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The Associate

How much should we expect our students to read and write?

The pressure to keep it short.


I attended my first Three Minute Thesis competition last week – or rather, a very small portion of last week. Is it absurd to be surprised how brief such a competition turns out to be? Each graduate student has just three minutes, their voice and a PowerPoint slide to introduce their research. It was fun to see how the students responded to the challenge. And yet, while I appreciate that the competition encourages students to develop their communication skills and improve their ability to explain their work to non-specialists, part of me felt uneasy that I was giving these smart young people no more time to describe the important and complicated research that is the focus of their present existence than I keep conditioner in my hair.

But 3MT – the name inevitably compressed – is symbolic of the time pressure of modern life. We live in an age of efficiency, of shortened attention spans, of elevator pitches. Corresponding to time pressure is a “text pressure” that shrinks written communication shorter and shorter. This is the age of text messages, Tumblr and Twitter, after all (and brevity is the soul of Twitter).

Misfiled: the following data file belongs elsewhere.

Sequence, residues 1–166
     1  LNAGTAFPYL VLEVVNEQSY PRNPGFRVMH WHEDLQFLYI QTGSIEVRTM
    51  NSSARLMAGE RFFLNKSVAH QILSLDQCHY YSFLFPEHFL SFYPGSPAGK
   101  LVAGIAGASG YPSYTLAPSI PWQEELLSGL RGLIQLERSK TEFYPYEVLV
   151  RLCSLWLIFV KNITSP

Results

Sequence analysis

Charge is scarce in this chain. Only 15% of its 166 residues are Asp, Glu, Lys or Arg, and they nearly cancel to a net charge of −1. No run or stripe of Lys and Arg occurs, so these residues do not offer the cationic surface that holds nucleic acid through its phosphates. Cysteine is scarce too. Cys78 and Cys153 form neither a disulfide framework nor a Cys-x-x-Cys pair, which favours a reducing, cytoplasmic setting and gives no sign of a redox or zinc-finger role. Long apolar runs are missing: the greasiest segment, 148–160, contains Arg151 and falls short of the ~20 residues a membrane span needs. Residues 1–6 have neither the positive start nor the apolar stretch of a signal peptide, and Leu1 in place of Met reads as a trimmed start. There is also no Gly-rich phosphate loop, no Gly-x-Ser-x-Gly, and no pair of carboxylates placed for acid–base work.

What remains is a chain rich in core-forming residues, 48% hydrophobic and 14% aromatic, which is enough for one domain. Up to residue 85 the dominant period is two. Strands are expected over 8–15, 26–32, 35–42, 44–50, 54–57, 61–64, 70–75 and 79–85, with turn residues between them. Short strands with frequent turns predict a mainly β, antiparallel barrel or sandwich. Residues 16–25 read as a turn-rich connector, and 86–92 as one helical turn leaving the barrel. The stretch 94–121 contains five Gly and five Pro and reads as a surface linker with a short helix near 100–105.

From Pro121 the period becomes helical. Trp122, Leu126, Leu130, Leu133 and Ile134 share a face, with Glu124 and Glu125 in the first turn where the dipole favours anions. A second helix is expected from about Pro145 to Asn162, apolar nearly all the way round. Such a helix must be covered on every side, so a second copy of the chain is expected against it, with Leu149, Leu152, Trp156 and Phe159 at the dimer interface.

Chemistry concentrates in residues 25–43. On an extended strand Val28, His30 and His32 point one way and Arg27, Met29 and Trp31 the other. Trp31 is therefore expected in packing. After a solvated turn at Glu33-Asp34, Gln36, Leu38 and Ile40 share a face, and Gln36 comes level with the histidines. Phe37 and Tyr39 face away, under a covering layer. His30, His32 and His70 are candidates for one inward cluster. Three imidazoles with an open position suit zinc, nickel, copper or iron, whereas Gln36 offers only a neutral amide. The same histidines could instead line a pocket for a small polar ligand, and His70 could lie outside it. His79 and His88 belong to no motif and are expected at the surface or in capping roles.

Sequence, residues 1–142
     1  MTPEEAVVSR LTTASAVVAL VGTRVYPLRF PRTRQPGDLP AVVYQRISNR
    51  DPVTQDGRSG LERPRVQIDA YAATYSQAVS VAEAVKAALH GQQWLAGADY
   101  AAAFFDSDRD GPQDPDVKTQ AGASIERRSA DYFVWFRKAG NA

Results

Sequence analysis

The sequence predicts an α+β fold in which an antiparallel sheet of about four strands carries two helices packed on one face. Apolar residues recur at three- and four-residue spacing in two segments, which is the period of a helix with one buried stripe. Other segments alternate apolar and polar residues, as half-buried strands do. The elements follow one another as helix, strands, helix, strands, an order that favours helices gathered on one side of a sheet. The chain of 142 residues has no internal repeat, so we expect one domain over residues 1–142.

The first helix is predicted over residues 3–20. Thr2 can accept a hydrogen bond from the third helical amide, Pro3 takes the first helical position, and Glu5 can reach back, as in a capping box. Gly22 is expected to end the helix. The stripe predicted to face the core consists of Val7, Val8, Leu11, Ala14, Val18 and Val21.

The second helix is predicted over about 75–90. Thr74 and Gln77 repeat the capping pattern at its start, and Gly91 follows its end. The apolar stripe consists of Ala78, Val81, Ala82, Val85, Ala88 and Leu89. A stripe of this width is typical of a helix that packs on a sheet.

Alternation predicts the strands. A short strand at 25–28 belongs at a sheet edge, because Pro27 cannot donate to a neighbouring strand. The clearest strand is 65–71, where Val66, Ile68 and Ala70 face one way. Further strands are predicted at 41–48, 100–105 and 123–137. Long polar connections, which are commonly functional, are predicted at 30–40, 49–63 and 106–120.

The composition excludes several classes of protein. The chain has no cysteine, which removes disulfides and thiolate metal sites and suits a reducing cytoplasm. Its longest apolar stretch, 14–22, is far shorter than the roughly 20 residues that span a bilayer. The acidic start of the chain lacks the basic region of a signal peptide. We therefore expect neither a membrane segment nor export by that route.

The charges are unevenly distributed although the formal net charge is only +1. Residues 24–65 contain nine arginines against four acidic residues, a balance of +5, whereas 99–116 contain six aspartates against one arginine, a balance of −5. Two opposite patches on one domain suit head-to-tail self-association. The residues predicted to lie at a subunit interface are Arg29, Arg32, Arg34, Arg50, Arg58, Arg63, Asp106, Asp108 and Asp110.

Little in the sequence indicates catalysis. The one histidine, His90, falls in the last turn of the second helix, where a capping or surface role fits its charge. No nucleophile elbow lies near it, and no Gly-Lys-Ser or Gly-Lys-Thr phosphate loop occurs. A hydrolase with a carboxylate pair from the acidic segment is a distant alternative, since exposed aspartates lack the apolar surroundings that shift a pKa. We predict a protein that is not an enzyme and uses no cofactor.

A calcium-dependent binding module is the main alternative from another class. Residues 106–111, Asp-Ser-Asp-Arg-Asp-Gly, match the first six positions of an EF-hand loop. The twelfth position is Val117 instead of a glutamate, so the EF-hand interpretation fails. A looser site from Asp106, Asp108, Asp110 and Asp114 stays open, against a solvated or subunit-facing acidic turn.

Text and time pressures permeate the academy today, calling into question how much we should expect our students to read and write. For example, my course reading lists have shrunk somewhat over the past 15 years as I came to the conclusion that two shorter articles read by the whole class (OK, most – OK, some of the class) make for a better seminar than three or four ones read unevenly. Other professors are holding the line, but is that actually translating to more read, let alone more understood? TL;DR, as the kids say: too long; didn’t read.